The Rangers have announced the signing of righty Dillon Gee to a minor-league deal. He can earn $2MM if he’s in the majors, with a $1MM incentive package, per SB Nation’s Chris Cotillo (via Twitter).

Gee is still recovering from thoracic outlet surgery — as is fellow recent signee Tyson Ross. Last year, Gee joined the Royals on a minor-league pact and ended up making 33 major-league appearances, 14 of them as a starter. But even before the surgery, he had struggled. Gee worked to a 4.68 ERA with 6.4 K/9 and 2.7 BB/9 over his 125 frames with Kansas City.

Just what Texas can expect from the 30-year-old, given his health concerns and recent performance dip, remains to be seen, but he ought to battle for a roster spot in camp. Assuming Ross isn’t quite ready for the start of the season, Gee could compete with pitchers such as A.J. Griffin, Chi Chi Gonzalez, and Nick Martinez for opportunities.

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Phillies To Sign Michael Saunders

2017-01-17T17:05:00+00:00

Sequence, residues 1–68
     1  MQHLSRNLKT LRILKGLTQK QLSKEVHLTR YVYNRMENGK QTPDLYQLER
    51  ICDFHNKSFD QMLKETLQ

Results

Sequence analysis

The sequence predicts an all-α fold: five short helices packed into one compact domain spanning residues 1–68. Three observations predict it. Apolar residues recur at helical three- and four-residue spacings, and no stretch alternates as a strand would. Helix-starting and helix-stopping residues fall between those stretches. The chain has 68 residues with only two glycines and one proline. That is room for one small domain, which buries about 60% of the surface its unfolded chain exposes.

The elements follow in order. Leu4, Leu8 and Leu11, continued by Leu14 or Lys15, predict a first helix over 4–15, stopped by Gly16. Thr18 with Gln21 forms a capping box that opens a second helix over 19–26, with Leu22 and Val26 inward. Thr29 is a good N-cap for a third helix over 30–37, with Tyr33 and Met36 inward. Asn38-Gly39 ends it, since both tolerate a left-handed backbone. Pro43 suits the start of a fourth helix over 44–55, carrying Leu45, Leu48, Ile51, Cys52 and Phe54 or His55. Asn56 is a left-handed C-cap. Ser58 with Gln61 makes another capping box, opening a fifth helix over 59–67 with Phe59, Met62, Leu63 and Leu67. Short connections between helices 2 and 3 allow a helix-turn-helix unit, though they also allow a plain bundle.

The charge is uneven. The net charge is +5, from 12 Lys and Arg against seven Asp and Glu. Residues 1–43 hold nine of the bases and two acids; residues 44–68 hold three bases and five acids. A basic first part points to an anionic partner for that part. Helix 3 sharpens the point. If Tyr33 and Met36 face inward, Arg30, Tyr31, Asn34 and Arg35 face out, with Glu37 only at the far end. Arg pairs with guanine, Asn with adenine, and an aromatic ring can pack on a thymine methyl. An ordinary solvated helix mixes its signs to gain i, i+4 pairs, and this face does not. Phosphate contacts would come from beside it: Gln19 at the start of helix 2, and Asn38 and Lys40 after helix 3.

TODAY: A physical is expected to take place in the next day or two, per ESPN.com’s Jerry Crasnick (Twitter links). He adds that the option escalators are based upon award bonuses and plate appearances YESTERDAY, 1:42pm: Ken Rosenthal of FOX Sports reports that Saunders will sign a one-year, $9MM deal with an $11MM club option for the…TODAY: A physical is expected to take place in the next day or two, per ESPN.com’s Jerry Crasnick (Twitter links). He adds that the option escalators are based upon award bonuses and plate appearances YESTERDAY, 1:42pm: Ken Rosenthal of FOX Sports reports that Saunders will sign a one-year, $9MM deal with an $11MM club option for the 2018 season (Twitter links). Saunders will be paid $8MM in 2017, and his option contains a $1MM buyout. Additionally, Saunders’ contract contains escalators that can drive the value of the option up to $14MM, per Rosenthal. 11:50am: All that’s left at this point is medical reviews, tweets Jim Salisbury of CSNPhilly.com. FanRag’s Jon Heyman tweets that there’s an agreement in place between the two sides, adding that they’d previously been discussing a one-year deal plus an option. 11:30am: The Phillies and free-agent outfielder Michael Saunders are closing in on an agreement, reports MLB Network’s Jon Paul Morosi (Twitter link). The 30-year-old Saunders, a client of Meister Sports Management, has been linked to the Phillies on multiple occasions over the past several weeks. Philadelphia has had its eye on a number of outfield bats and reportedly has a preference to add a left-handed bat to its lineup. Saunders checks both of those boxes and will deepen a Philadelphia lineup that scored the fewest runs in all of Major League Baseball last year. [Related: Updated Philadelphia Phillies Depth Chart] Saunders turned in his first full, healthy season since 2013 last season, playing in a career-high 140 games and tallying a career-high 558 plate appearances. The overall results — a .253/.338/.478 batting line with 24 homers, 32 doubles and a pair of triples — look very strong on paper, although Saunders’ season was fairly dichotomous in nature. The first half of the 2016 season saw Saunders break out and perform at a superstar level. In 344 first-half plate appearances, Saunders hit a ridiculous .298/.372/.551 with 16 home runs — all of which was impressive enough to merit his first All-Star selection. However, Saunders’ production fell off a cliff early in the second half. Over the final two and a half months of the season, he batted a woeful .178/.252/.357 with eight homers in 214 plate appearances. Certainly, there was some poor luck at play, as[...]